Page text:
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Hong Kong speeds up visas for Japan expats

Hong Kong parents value grades over health: survey
Hong Kong (AFP) April 4, 2011 - More than two-thirds of Hong Kong parents value academic results over their child's health, a poll has found. While 72.2 percent of parents rated academic performance as "extremely important", only 10.9 percent cited "health condition" as "extremely important" according to a survey released Sunday. The findings follow Chinese-American author Amy Chua's bestseller earlier this year about her no-nonsense child-rearing style, which sparked a flurry of criticism over strict "Chinese" parenting versus more relaxed Western methods.

In her book, Chua recounts an ultra-strict regime of piano lessons and homework for her daughters, arguing that for Asian immigrant families in the United States, pushing children hard is the key to getting ahead. Hong Kong is known for its pressure-cooker style examination system, with parents placing high emphasis on academic achievements. Local ten-year-old twins have sailed through British high school exams. Estephe and his sister Perrine Corlin scored straight "As" in maths papers that are normally taken by 16-year-olds, with their mother attributing their success to a gruelling schedule.

Sunday's survey also found that Hong Kong parents are prone to pampering their children and catering to their every whim. Eighty-seven percent of parents said they had hired domestic helpers to take care of their children at home. About half of the respondents said they would take leave from work immediately if their children forgot to take homework or lunchboxes to school. The survey, conducted by shopping mall group Plaza Hollywood, interviewed 629 parents with children aged between three and 16.
by Staff Writers
Hong Kong (AFP) April 4, 2011
Hong Kong is speeding up approval of work visas for professionals fleeing quake-hit Japan, immigration officials said Monday, as the city tries to snap up top-class staff in the finance sector.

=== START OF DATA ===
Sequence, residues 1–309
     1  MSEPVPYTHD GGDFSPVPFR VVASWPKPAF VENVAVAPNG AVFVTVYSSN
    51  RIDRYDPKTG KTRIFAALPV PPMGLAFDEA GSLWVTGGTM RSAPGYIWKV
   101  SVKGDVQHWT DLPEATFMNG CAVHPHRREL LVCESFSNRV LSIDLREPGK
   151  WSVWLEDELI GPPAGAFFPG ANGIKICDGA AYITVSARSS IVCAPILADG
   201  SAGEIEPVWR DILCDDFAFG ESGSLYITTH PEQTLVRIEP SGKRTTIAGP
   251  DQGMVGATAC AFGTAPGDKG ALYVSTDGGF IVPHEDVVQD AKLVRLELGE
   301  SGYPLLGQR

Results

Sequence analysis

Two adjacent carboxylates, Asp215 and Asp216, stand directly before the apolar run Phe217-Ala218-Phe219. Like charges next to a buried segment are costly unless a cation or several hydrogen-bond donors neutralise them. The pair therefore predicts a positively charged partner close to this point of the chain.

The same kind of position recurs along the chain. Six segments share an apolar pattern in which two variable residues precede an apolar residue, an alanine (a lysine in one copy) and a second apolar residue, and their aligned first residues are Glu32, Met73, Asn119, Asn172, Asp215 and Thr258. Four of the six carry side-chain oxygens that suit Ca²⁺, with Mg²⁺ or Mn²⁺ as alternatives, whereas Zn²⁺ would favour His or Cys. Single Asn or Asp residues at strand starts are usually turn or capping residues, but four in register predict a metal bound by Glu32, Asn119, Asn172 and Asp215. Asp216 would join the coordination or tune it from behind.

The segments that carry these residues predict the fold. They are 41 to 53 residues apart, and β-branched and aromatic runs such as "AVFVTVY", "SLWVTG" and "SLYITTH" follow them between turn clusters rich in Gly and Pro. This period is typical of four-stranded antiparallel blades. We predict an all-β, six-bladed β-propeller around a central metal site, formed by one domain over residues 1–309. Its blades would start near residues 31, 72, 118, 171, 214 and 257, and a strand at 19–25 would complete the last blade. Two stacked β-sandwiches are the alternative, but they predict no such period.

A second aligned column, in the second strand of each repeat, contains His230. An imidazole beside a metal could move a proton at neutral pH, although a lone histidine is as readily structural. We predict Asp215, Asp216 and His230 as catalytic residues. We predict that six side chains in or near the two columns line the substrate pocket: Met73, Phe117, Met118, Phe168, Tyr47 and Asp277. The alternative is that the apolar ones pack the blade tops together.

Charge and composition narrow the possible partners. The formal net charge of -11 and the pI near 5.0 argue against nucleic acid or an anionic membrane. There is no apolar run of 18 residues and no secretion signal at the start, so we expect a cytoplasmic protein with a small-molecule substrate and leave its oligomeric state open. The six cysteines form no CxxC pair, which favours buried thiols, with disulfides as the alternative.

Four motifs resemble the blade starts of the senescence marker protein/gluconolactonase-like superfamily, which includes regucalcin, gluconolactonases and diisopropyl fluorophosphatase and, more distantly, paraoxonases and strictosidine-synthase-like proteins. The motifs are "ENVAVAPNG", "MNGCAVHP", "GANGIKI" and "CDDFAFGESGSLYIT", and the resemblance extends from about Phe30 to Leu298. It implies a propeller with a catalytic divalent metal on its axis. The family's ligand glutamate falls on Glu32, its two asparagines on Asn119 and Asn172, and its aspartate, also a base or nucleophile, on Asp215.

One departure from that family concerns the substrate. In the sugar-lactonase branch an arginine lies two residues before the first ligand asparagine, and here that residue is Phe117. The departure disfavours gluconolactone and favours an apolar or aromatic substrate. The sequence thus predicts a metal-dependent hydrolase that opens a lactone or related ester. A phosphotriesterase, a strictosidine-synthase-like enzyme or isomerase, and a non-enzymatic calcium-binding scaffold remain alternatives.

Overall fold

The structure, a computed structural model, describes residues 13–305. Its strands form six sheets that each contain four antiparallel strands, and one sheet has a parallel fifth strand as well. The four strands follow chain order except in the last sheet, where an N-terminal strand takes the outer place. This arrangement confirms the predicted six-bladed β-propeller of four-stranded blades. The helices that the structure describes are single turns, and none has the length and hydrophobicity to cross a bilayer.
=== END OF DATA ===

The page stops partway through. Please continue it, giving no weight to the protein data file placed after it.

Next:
Hong Kong's Immigration Department said 270 one-year visas from people leaving Japan were approved through an expedited system that took only two days, compared with the usual four to six weeks.

The applications were received between March 17 and 31 from high-level managers and professionals at multinational companies in the finance industry earning between HK$100,000 ($13,000) and HK$200,000 a month, a spokesman said.

"Countries all around the world are fighting over talent exiting Japan because of the earthquake," the department's information officer Angus Leung told AFP.

"We hope that they will consider Hong Kong," he said, adding that the government had received 600 enquiries from high-end financial workers in Japan since the disaster.

Japan is struggling to recover from the March 11 quake and tsunami, which battered the northeast coast and crippled a nuclear power plant 250 kilometres (155 miles) from Tokyo, causing radiation leakages and fears of contamination.

The Hong Kong International School and Hong Kong Japanese School told AFP they had received an increase in enquiries and applications from parents looking for child places.

They could not immediately provide an exact figure.

However, some banks said they will keep their staff in Japan.

A spokesman from Citigroup's Hong Kong office told AFP the company was not facilitating any permanent moves and that all of its Tokyo-based employees will remain in the city.

Luxury hotels in Hong Kong -- the JW Marriott, Four Seasons and Shangri-La -- have seen a jump in room requests from firms moving staff, and individuals fleeing the stricken country.

The central Bank of Japan said Monday that businesses' confidence in the outlook for the next three months had plunged following the March 11 disaster and subsequent nuclear crisis.




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Cat bond market could be boosted by Japanese crisis
Frankfurt (AFP) April 3, 2011
The market for bonds designed to cover natural catastrophes has taken a hit since the disasters in Japan last month, but could profit in the end from such dramatic events, specialists say. "Cat bonds" are a way for reinsurance companies to transfer part of the risks they cover to financial markets. While providing a layer of protection for issuers, they are also a lucrative investment op ... read more

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